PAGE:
Anger is growing over the failure of the terror group’s top brass to move against drug dealers within the organisation.
Chief of Staff John ‘Bunter’ Graham is facing increasing demands for action and, despite assurances that he is determined to weed out drug dealers, he has failed to prevent his organisation becoming more deeply involved in the drugs trade.
The Sunday World can reveal there has been a series of meetings involving brigade staff and a list of demands has been presented to veteran chief Graham.
They include questions over the circumstances surrounding the arrest and charge on guns charges of alleged B Company commander Winston ‘Winkie’ Irvine, but also the failure to stem the tide of drugs in loyalist communities.
As previously reported, the UVF leadership gave the green light for guns to be broken out of dumps in readiness for a campaign of disruption over the Irish Sea border, but now angry members have warned if action is not taken they will turn the guns on drug dealers.
Sources have told us that while there is no suggestion that any type of vigilante activity is likely, there is genuine fury over the drugs issue.
“They have guns in their hands,” said our source “they are genuinely furious at the way the organisation has been allowed to drift into being little more than a drug gang.
“They’ve had to swallow their pride as they’ve watched people who had no role in taking on violent republicanism, growing rich on drugs and hiding under the UVF flag.”
It comes as concerns continue to grow over the increasing influence of East Belfast UVF which is now regarded as the largest drug gang in the North.
The organised crime gang has extended its operations beyond its natural hinterland and is now working in partnership with drug gangs in the south and west of the city.
Allegedly headed by top loyalist Stephen Matthews, it is understood he has forged ties with the leader of the South Belfast UVF and has formed an alliance with UDA kingpin Jim Spence in the west of the city.
Their expansion has heaped more pressure on beleaguered Chief of Staff Graham.
He has failed to deliver on repeated pledges to move against Matthews.
Despite repeated raids by the Paramilitary Crime Task Force, Matthews’ mob has continued to run a highly lucrative drugs racket.
The Sunday World understands East Belfast has settled long-running dispute with the Kinahans over an unpaid bill.
It is believed the money was due in relation to a huge drug seizure in Belfast docks earlier this year.
In February police intercepted a £3 million drugs shipment in Belfast docks in what was one of the largest hauls ever detected. A large slice of the consignment was destined for East Belfast UVF and is believed to have been shipped by the Kinahan cartel.
It is not clear if the entire debt has been cleared or if a compromise amount was agreed, but it is business as usual.
The gang has also forged links with West Belfast UDA. Woodvale commander Jim Spence who has overseen the terror group’s drug operations is also believed to be working with Matthews, tapping into the Kinahan supply line.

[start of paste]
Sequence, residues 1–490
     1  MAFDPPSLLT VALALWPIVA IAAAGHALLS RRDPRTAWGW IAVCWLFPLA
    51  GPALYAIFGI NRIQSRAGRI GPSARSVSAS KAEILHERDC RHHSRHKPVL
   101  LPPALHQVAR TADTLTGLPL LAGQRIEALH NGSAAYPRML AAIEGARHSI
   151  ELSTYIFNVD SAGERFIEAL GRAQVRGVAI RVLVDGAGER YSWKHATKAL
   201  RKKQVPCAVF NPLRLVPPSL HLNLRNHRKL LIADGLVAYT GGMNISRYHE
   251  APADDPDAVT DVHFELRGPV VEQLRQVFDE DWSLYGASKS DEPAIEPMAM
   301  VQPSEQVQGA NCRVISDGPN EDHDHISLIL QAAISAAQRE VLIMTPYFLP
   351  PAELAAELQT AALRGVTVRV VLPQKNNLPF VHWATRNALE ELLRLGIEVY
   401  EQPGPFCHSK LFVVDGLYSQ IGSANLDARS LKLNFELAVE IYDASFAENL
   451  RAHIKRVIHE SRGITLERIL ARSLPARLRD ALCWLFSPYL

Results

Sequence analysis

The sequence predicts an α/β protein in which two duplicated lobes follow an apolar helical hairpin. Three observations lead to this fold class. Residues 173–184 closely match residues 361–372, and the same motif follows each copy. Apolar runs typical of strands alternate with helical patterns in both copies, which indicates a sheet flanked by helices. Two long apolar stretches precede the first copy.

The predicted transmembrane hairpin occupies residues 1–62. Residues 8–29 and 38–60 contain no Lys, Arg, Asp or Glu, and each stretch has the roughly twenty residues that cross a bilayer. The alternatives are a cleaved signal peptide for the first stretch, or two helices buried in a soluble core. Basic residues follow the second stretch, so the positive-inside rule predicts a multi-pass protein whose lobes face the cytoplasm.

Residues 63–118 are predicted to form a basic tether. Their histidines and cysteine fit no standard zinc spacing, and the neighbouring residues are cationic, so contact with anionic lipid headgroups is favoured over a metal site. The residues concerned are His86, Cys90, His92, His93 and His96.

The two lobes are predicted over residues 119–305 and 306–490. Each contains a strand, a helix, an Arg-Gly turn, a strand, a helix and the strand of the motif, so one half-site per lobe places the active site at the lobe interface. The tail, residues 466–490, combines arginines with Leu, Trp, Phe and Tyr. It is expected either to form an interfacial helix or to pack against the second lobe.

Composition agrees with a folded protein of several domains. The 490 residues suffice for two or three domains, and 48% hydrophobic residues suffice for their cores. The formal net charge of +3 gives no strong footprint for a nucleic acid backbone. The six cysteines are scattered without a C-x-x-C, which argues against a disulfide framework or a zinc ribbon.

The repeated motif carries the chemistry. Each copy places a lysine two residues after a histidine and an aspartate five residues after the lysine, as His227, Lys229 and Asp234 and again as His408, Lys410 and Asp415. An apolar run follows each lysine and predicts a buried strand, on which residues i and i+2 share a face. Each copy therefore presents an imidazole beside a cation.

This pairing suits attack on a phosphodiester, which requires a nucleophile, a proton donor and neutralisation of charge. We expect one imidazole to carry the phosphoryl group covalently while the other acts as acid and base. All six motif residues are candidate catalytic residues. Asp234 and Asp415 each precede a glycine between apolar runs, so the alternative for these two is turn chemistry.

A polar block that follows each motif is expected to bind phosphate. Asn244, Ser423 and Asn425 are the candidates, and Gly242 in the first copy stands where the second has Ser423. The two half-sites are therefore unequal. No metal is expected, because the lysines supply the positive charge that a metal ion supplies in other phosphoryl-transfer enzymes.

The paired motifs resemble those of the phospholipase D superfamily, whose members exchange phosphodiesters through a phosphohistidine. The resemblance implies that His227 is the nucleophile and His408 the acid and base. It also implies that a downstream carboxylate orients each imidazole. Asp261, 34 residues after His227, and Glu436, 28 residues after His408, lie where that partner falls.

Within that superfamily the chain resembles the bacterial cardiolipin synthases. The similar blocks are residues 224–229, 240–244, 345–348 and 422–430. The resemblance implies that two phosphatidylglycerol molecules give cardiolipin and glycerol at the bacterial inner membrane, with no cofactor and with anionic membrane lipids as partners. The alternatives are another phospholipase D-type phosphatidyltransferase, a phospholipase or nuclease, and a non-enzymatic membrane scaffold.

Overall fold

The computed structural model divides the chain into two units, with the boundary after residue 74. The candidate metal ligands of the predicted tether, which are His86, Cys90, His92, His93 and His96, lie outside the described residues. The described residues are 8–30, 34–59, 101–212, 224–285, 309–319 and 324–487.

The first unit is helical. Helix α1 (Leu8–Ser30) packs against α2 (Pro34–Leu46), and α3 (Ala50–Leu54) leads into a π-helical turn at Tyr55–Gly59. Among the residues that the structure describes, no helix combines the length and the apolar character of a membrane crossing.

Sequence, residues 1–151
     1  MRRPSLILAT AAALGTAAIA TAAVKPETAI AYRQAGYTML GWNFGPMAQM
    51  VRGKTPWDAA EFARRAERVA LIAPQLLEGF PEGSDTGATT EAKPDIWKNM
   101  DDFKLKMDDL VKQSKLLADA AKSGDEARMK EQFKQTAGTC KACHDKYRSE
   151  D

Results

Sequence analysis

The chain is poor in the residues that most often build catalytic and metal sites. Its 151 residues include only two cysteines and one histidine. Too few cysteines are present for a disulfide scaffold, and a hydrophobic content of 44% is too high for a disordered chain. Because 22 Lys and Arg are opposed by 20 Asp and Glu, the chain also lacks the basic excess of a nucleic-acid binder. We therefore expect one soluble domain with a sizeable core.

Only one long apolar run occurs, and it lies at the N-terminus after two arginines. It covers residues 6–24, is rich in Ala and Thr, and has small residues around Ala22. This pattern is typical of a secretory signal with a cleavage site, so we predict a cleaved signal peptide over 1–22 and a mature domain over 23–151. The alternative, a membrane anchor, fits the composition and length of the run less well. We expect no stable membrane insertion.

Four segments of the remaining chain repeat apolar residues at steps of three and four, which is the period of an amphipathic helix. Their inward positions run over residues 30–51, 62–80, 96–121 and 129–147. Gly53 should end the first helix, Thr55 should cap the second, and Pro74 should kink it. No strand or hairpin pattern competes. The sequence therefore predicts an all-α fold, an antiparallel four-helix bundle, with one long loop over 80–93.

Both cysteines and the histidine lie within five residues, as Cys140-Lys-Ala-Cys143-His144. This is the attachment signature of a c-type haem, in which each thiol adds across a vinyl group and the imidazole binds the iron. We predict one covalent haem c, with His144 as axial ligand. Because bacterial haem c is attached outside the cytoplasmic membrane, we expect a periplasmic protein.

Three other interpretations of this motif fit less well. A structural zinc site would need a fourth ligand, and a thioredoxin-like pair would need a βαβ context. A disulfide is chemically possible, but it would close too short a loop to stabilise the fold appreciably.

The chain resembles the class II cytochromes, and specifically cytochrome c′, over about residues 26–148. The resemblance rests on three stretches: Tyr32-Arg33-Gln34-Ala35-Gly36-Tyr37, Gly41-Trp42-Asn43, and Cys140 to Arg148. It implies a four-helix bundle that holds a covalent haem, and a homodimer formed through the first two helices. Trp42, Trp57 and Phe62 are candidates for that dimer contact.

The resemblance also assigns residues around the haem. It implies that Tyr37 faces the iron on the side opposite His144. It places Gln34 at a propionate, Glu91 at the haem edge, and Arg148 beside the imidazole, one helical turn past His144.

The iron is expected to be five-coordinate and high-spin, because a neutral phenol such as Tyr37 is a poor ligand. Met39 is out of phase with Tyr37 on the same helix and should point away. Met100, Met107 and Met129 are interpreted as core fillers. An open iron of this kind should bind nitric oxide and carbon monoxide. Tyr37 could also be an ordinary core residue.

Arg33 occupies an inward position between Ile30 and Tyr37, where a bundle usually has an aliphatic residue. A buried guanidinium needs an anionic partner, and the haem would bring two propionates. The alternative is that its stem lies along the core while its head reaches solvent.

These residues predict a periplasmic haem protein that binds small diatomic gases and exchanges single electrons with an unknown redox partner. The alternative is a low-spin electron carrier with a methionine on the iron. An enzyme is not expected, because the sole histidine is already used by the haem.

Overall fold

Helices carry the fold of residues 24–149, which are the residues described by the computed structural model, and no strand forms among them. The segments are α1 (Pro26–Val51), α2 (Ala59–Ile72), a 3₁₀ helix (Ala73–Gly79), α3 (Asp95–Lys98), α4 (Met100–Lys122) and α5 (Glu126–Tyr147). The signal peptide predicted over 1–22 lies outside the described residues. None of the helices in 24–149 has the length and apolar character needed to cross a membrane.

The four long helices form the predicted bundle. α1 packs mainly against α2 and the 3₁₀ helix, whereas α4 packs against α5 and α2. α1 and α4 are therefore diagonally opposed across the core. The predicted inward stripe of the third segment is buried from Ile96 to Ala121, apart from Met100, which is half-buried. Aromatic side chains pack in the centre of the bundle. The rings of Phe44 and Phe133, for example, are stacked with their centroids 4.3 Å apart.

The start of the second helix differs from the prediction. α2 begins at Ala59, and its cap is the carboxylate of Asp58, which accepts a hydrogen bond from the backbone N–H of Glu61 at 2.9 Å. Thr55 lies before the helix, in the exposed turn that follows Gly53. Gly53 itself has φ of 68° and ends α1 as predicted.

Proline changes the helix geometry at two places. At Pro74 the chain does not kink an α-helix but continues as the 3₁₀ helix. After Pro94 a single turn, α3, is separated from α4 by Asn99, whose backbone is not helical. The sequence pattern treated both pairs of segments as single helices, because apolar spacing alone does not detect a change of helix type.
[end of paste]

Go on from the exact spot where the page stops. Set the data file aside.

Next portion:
Spence has been spotted in the east of the city on a number of occasions.
We can also reveal that disgraced UVF brigadier Den Elliott is also back on the scene. Bunter busted him three years ago when he discovered Elliott was running a lucrative sideline.
The UVF chief stripped him of his rank and fined him £50,000 but the Sunday World understands he is back to his old ways and is in cahoots with East Belfast.
Long-standing members already disturbed by events around the arrest of Winkie Irvine are demanding he take action against the drug dealers.
“Some of these guys literally don’t have a pot to p**s in, they’ve been to jail, and yet the current crop are running about in big cars and raking in a fortune off the back of the drugs,” one source told us.
“Bunter has been telling us for years he’s going to clean up the organisation yet East Belfast just gets stronger and stronger.”
He said Graham deserves a degree of credit for moving against Elliott and cleaning up the notorious Mount Vernon unit, but he has failed to take on Matthews.
Matthews, who is facing criminal charges in relation to an alleged UVF show of strength in the Pitt Park area of east Belfast in 2019, has adopted a more low-profile approach in recent months but, according to sources, still has total control of the east Belfast operation.
Members are deeply suspicious over the circumstances surrounding the arrest of Irvine who is facing a raft of arms charges after guns and ammunition were found in his car.
He has been released on bail after it was claimed in court he was involved in a process that would have “significant implications” for wider society.
Legal representatives for the Irvine stated their client was working with police – a claim which has alarmed the UVF membership.
Last night, a spokesman for Spence and Matthews said his clients deny any involvement in criminality.
“My clients individually robustly and firmly reject any allegations of membership of any proscribed organisation or involvement in any criminal activity.
“Mr Spence and Mr Matthews all individually particularly reject allegations of involvement in the nefarious drugs trade which they each condemn without reservation.”
He added: “The broader allegations being advance are utter nonsense with no basis in reality whatsoever and is another example of a concerted effort to demonise and criminalise loyalism collectively.”